I smiled at her over my shoulder, my grandma, Joan, who'd lived in this same house since her childhood. The walls here had surely witnessed their share of pregnant women, including my own mother. As long as I could remember, we came to Landon from Chicago for summer break; never in my wildest imaginings had I pictured myself living here as a pregnant and single teenager. On the old timeline, the one I'd known and trusted in before last July, I would be finishing up my senior year of high school, at home in Chicago. I closed my eyes, unwittingly dragged to the afternoon I'd sat trembling on the edge of the tub in the bathroom upstairs, gingerly clutching the end of the world as I'd known it — a plastic pregnancy tester with a purple plus sign on the indicator.
"That's right," I whispered, acknowledging Grandma's words about no air conditioning. "Mom and Aunt Jilly were both born in August. But at least you didn't have to worry about slipping on the ice."
I lived in mortal fear of falling since the first frost at the end of last October, warily traversing the slippery sidewalks of Landon as my belly finally out-paced my breasts in size. It seemed to me that the high school was the last place in town that was plowed or de-iced. I thanked God that, at the very least, I was done with school for now; Landon High was a study in small-town bias against the (and I quote) "slut who got Noah Utley in trouble."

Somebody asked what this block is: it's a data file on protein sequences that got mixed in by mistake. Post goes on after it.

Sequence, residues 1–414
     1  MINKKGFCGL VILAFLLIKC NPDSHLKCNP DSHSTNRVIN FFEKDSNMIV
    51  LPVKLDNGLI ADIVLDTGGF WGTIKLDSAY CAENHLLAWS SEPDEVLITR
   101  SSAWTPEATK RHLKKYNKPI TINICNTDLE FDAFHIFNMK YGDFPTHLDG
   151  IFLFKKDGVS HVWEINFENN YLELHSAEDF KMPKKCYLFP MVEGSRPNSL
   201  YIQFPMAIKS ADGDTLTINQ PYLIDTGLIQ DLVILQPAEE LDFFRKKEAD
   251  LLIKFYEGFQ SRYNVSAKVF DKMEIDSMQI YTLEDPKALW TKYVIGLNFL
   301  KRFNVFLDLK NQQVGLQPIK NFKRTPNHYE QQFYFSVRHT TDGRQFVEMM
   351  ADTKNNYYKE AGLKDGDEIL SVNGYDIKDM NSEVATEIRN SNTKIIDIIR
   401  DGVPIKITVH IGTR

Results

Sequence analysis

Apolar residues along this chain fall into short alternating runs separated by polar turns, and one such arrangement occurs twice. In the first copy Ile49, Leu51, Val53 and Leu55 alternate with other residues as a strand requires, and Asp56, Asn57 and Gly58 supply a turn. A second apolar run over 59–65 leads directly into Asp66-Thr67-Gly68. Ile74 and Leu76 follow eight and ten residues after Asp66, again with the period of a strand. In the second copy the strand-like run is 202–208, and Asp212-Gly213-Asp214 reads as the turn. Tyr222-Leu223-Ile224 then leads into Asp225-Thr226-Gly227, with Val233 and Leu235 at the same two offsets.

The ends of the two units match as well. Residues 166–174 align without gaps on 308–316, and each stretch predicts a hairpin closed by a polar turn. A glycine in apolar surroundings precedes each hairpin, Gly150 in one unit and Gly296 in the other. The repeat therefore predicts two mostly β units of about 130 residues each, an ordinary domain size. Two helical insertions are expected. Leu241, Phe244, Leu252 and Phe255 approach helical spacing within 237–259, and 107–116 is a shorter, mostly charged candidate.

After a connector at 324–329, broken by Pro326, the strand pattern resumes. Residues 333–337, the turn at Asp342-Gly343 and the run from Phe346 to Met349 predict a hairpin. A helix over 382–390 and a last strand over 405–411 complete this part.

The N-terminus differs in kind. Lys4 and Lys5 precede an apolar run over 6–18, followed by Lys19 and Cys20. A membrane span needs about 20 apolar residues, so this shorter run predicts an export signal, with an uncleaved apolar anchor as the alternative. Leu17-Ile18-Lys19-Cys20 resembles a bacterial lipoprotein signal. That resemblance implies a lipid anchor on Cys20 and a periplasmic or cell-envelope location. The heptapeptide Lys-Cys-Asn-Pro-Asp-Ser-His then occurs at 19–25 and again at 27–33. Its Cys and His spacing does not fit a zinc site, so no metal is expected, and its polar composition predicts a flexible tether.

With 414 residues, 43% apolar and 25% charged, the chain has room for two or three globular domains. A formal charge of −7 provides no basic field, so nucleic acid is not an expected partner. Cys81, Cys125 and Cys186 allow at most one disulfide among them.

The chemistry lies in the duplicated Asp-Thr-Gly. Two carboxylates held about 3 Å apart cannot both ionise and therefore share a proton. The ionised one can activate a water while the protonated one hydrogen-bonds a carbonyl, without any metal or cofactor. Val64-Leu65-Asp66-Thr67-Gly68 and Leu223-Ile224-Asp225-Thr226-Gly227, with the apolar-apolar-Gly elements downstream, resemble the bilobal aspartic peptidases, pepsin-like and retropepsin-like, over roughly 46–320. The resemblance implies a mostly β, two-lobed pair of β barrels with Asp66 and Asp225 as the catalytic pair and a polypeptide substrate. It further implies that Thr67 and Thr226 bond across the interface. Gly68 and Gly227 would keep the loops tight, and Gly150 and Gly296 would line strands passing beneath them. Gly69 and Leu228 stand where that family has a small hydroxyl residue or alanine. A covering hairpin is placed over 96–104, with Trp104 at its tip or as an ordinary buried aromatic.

It was irony of the worst sort, as I was truly the least slutty girl I knew. Of course evidence would suggest otherwise, as here I stood, eighteen years old and well into my eighth month of pregnancy. It was a poor excuse, I understood this, but last June and July, under the magic of the hot summer moon, I believed that Noah Utley loved me. Classic idiocy, revoltingly cliche, too stupid for words. Thinking back on it now, I compared myself to a puppy seeking affection; when Noah complimented me, I all but wriggled with the pleasure of it, believing every word he spoke, all his seemingly-sweet and heartfelt words, without any question. He may as well have scratched behind my ears. And, as anyone besides me could have predicted, here I was without him and carrying our baby. I had not seen a glimpse of him, nor heard a word — not even a phone call — since he returned to college last autumn.
"That's true, it's a trade-off either way," Grandma said, on the subject of inclement weather and pregnancy.